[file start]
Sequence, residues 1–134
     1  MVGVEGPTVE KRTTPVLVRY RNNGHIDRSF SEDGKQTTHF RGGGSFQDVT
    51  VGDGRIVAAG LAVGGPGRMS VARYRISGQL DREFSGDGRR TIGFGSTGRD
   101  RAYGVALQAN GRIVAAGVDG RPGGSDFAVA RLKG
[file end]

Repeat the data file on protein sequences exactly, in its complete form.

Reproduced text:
Sequence, residues 1–134
     1  MVGVEGPTVE KRTTPVLVRY RNNGHIDRSF SEDGKQTTHF RGGGSFQDVT
    51  VGDGRIVAAG LAVGGPGRMS VARYRISGQL DREFSGDGRR TIGFGSTGRD
   101  RAYGVALQAN GRIVAAGVDG RPGGSDFAVA RLKG